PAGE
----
Joan Frawley Desmond, is the Register’s senior editor. She is an award-winning journalist widely published in Catholic, ecumenical and secular media. A graduate of the Pontifical John Paul II Institute for Studies of Marriage and Family, she lives with her family in California..
This week, we learned that computer hackers are not only interested in exposing the dark secrets of U.S. foreign policy, or stealing consumers' credit information for profit.
Some hackers seek to impose a kind of vigilante justice on the shadowy world of a dating website like Ashley Madison. The site is geared for people seeking extra-marital affairs, and it has an engaging pitch: "Life is short. Have an affair."
Here's an early report on the breach from KrebsonSecurity, a top site specializing in the ever-growing threat posed by cyberattacks.
Large caches of data stolen from online cheating site AshleyMadison.com have been posted online by an individual or group that claims to have completely compromised the company’s user databases, financial records and other proprietary information. The still-unfolding leak could be quite damaging to some 37 million users of the hookup service, whose slogan is “Life is short. Have an affair.”
The hackers identified themselves as the Impact Team. Their online manifesto attacked a feature on the website that allowed users to approve a "hard-delete" of their personal profile, texts and photos for an additional fee.
The hackers claim this paid feature doesn't effectively do the job and the website is committing fraud by marketing the option.
Impact Team has imposed its own sentence as punishment for the infraction: the website's parent company, Avid Life Media, must take down the dating site for cheaters.
Until that happens, the hackers "will release all customer records, including profiles with all the customers’ secret sexual fantasies and matching credit card transactions, real names and addresses." KrebsonSecurity reported that the names of Ashley Madison customers have already been posted online.
Media coverage of the breach included the refreshing news that Ashley Madison, which has tried to mainstream its services, had previously been rebuffed by television networks, and by "[f]ootball stadiums and soccer teams [that] turned down sponsorship offers.," the New York Times reported.
Now, Avid Life Media is paying a penalty for the security breach, with its plans for an IPO that would help it secure more capital on hold, as investors balk.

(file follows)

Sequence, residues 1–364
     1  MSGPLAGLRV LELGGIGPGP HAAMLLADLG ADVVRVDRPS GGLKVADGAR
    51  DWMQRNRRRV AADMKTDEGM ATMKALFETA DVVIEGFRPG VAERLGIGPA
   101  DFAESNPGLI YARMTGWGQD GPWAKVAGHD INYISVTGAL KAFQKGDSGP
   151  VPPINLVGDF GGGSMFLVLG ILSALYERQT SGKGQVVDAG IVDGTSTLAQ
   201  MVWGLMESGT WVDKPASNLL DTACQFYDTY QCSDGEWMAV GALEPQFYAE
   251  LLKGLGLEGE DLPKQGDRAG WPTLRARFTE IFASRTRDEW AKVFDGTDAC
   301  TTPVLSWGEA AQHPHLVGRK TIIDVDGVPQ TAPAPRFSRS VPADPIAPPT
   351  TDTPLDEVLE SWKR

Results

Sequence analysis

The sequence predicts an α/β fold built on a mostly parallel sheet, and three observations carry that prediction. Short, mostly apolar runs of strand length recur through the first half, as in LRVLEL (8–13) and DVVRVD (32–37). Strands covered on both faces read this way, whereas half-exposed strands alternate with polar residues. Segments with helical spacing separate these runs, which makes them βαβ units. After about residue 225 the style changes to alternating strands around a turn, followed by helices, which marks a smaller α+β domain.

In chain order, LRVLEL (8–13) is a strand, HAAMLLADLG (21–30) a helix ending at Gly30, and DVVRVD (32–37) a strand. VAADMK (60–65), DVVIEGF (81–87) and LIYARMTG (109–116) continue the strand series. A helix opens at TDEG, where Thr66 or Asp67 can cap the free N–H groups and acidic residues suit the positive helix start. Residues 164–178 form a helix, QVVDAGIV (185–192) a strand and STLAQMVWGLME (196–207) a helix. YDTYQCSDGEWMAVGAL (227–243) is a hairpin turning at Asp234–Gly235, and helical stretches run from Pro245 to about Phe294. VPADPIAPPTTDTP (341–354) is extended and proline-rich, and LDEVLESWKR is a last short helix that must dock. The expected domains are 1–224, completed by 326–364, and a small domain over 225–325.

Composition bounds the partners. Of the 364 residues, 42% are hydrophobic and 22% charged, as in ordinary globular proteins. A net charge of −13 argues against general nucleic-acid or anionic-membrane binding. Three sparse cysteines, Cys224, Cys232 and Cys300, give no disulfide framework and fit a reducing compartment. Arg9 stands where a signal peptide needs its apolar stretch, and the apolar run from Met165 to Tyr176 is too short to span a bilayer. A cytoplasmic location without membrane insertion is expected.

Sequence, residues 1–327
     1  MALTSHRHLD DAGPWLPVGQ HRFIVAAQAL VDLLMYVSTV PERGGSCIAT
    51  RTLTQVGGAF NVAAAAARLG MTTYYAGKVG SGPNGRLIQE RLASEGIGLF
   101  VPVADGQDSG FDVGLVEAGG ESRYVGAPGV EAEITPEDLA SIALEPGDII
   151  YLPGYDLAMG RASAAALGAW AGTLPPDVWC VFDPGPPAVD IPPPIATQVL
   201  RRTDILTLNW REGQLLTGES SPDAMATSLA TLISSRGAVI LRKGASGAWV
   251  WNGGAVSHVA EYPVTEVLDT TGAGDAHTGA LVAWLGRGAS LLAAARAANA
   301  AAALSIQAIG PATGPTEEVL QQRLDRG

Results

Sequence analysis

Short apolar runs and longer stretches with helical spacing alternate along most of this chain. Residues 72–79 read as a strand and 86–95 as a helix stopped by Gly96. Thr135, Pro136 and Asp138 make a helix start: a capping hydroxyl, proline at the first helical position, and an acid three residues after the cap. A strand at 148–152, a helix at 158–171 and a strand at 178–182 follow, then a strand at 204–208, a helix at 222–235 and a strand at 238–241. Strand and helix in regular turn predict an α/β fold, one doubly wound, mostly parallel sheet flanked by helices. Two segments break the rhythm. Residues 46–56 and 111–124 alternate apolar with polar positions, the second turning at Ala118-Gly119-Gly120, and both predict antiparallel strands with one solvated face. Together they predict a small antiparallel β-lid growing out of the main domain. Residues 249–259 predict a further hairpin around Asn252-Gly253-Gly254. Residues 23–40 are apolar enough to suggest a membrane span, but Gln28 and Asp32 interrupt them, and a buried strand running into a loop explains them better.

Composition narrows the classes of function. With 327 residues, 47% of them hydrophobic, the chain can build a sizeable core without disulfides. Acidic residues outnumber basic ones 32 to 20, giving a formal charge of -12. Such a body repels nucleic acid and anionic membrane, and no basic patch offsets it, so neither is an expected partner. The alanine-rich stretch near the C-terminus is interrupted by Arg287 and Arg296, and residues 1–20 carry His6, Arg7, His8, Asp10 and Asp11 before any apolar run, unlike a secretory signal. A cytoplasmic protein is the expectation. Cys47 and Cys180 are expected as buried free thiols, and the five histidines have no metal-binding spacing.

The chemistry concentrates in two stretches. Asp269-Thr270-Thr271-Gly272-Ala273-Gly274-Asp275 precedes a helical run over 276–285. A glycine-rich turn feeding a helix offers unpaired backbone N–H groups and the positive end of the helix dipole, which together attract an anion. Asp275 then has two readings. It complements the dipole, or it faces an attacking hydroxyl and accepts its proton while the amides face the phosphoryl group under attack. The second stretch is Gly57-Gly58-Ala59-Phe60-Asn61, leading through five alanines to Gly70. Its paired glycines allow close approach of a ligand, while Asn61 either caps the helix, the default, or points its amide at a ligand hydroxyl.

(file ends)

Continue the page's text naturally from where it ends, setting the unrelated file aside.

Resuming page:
A Wall Street Journal post explains the hitch for would-be investors: The valuation for web-based companies "typically comes from their ability to grow their user base."
How can Ashley Madison attract new customers now that old timers are running scared?
No one, except Avid Life Media's owners and early employees, will waste any tears for the postponed IPO, though we can hope that the fallout will lead some in the company to walk away and find more worthy employment.
Our sympathies belong with the millions of families that could be hit hard by the online posting of Ashley Madison's customers.
Yes, unfaithful husbands and wives — not the dating website — are solely responsible for their actions. They violated their marriage vows, lied to their spouses, and risked the happiness and stability of their children, should their extramarital affairs come to light.
At the same time, our cyberworld has made cheating a lot easier. Just as our computer keyboards have simplified the viewing of pornography, so they have improved our access to a smorgasbord of sexual relationships, from the high school sweetheart, who reaches out on Facebook many years after graduation, to the various hookup sites and ad camp;aigns that feature beautiful faces and sexy bodies, and whisper in our ear, "You don't have to settle, take what you deserve."
It is easy to imagine how the virtual world of iAdultery, a landscape of endless choices and seemingly remote consequences, can dull the conscience, and let its inhabitants believe that nothing has really happened when vows have been broken. For some, Ashley Madison exists on a different plain, a different planet.
But Impact Team has brought them back to earth. "Once something is published on the Internet," an expert tells The Times,"it’s there forever.”
Indeed, once you cheat on your husband or wife, the breach can't be scubbed away from your heart or your mind or your soul. You may be able to hide it from view, you may have a spouse who agrees to patch things up, but infidelity changes everything.
So now, as Ashley Madison's customers rush to choose the hard-delete option, let's pray that this security breach will produce a crisis of conscience, and not a search for a more secure website.
I'm hoping they get a second chance to recommit to their spouse, seek help with their marriage, and, as the Italian wife in the 1988 film, Moonstruck, tells her husband: "Get to confession."